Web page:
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Posted at 6:30 AM ET, 12/18/2009

The decade's 10 big education ideas

By Valerie Strauss

Since today is List Day on The Sheet, here are the 10 “Big Ideas” in education that dominated the first decade of the 21st century, as decided by Scholastic, the global children’s publishing, education and media company.

What did Scholastic get right, and what did it miss? Let me know in the comments section or at theanswersheet@washpost.com

*Alternate Paths to Teaching — From Teach for America, to Troops to Teachers, to urban Teaching Fellows programs, schools of education are no longer the only place that teachers begin their careers.

*Transformative Technology — From whiteboards to online education, 1-to-1 computing to eReaders, for the first time in the history of American education, classrooms are increasingly plugged in – and so are the students.

*Accountability — No matter where you stood in the debate on "No Child Left Behind", it’s impossible to deny that this decade marked a new era with a shift toward reporting the results for every child in every school.

*Data-Driven Instruction — Once we have data on every student, it’s easier to reach them quickly and to teach them better. Data is the new currency of 21st Century schools.

*Charter Schools — While the jury remains out on their effectiveness, there is no doubt that charter schools are incubators of innovation in education and harbingers of parent involvement in schools.

*The Rise of Digital Content — By 2020, 95% of all knowledge will be a search term away—marking a game-changing move from static pages to dynamic, digitized content.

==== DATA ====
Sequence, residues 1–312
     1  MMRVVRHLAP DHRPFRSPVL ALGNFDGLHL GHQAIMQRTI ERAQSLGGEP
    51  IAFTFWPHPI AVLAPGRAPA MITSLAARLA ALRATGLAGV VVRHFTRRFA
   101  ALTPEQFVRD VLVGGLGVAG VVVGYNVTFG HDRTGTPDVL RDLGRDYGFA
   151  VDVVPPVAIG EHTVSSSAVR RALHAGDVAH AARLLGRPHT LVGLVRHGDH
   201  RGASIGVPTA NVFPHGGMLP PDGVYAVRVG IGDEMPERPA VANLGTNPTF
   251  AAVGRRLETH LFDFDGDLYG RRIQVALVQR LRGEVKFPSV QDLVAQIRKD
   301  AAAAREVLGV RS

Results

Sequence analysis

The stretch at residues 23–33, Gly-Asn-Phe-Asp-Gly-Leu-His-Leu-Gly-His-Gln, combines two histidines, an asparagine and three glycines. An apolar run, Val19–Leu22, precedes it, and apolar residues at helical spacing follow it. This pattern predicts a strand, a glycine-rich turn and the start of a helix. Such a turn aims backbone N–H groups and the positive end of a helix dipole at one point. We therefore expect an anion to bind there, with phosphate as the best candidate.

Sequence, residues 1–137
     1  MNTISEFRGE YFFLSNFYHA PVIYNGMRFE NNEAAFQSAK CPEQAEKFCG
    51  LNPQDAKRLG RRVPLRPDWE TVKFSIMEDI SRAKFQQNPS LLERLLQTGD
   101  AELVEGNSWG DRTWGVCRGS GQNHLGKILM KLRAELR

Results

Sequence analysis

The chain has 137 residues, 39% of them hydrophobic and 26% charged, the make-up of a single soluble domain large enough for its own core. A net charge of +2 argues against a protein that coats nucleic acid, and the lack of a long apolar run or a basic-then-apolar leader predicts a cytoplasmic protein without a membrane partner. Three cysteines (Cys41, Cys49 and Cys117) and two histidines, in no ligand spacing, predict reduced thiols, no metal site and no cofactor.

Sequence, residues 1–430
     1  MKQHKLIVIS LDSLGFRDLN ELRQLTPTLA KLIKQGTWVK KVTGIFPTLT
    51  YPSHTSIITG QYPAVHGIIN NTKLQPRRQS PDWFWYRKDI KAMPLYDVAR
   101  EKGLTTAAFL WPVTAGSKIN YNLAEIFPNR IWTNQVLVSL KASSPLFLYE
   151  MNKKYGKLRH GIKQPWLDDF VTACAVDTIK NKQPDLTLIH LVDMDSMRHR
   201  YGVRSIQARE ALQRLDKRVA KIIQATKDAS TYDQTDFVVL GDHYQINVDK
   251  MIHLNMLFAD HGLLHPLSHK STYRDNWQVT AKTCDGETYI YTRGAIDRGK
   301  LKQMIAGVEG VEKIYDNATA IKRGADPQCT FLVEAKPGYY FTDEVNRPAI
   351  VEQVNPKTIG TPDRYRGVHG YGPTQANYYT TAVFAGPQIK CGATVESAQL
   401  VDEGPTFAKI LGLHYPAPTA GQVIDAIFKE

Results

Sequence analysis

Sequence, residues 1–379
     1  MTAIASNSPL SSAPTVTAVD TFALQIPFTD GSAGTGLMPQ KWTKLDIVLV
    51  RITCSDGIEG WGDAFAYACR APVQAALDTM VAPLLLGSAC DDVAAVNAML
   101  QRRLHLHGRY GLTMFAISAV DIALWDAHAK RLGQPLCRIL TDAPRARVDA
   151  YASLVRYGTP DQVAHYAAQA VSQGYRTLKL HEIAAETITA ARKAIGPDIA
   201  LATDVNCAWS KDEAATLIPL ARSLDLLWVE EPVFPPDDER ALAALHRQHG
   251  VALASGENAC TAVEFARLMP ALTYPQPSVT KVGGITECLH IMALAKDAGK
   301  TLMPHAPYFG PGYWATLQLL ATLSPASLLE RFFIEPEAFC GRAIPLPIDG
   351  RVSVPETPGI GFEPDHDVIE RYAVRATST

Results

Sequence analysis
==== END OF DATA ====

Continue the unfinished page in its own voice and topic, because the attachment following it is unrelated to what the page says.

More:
*A Focus on Adolescent Literacy — With 65% of American 8th Graders reading below grade level, teaching reading is no longer a job just for elementary school teachers. Our middle and high schools are taking dramatic steps to tackle the job of teaching reading to older, struggling students—ensuring that every child learns to read in an era of global competitiveness.

*Books Are the New Black — In the decade that gave us "Harry Potter," "Twilight" and "The DaVinci Code," the hottest accessory is definitely the book. And it’s impossible to deny the power that a single book can have on children’s feelings about reading. According to the 2008 Kids and Family Reading Report, 74% of kids ages 5-17 say, “Reading Harry Potter has made me interested in reading other books.”

*It Takes A Village — More than ever, education is reaching beyond the walls of our schools to build strong communities that support learning both in and out-of-school. From the Universal Pre-K movement and burgeoning after-school programs, to summer reading initiatives and in-school community centers, we’re learning that it takes a combination of home, school and community to prepare kids for their futures.

*The American Recovery & Reinvestment Act (ARRA) — Although it is the hallmark of only the last year of the decade, with its more than $100 billion dollar investment in America’s schools, ARRA represents a historic moment in American Education. While we cannot predict its impact, we can say with certainty that ARRA will leave an indelible mark on this decade of ideas in education.


Follow Valerie’s blog all day, every day at http://washingtonpost.com/answersheet/

For all the Post’s Education coverage, please see http://washingtonpost.com/education


By Valerie Strauss  | December 18, 2009; 6:30 AM ET
Tags:  ideas in education  
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Comments

I would argue that standards are one of the biggest ideas. All the testing in the world doesn't make a difference if you don't know what you're testing for.

Posted by: groundhogdayguy | December 18, 2009 9:44 AM | Report abuse

Data, yes, but data-driven instruction, no. Data, alas, is far more commonly used to evaluate than to drive instruction, which is an enormous problem.

Other impactful ideas (and not necessarily good ones): improving teacher quality, the rise and secularization of homeschooling, differentiated instruction, "learning styles," 21st Century Skills, and to coin a phrase, "literacy creep.” The increasing tendency to push explicit reading instruction into middle and high school.

Robert Pondiscio
http://blog.coreknowledge.org/

Posted by: rpondiscio | December 18, 2009 10:01 AM | Report abuse

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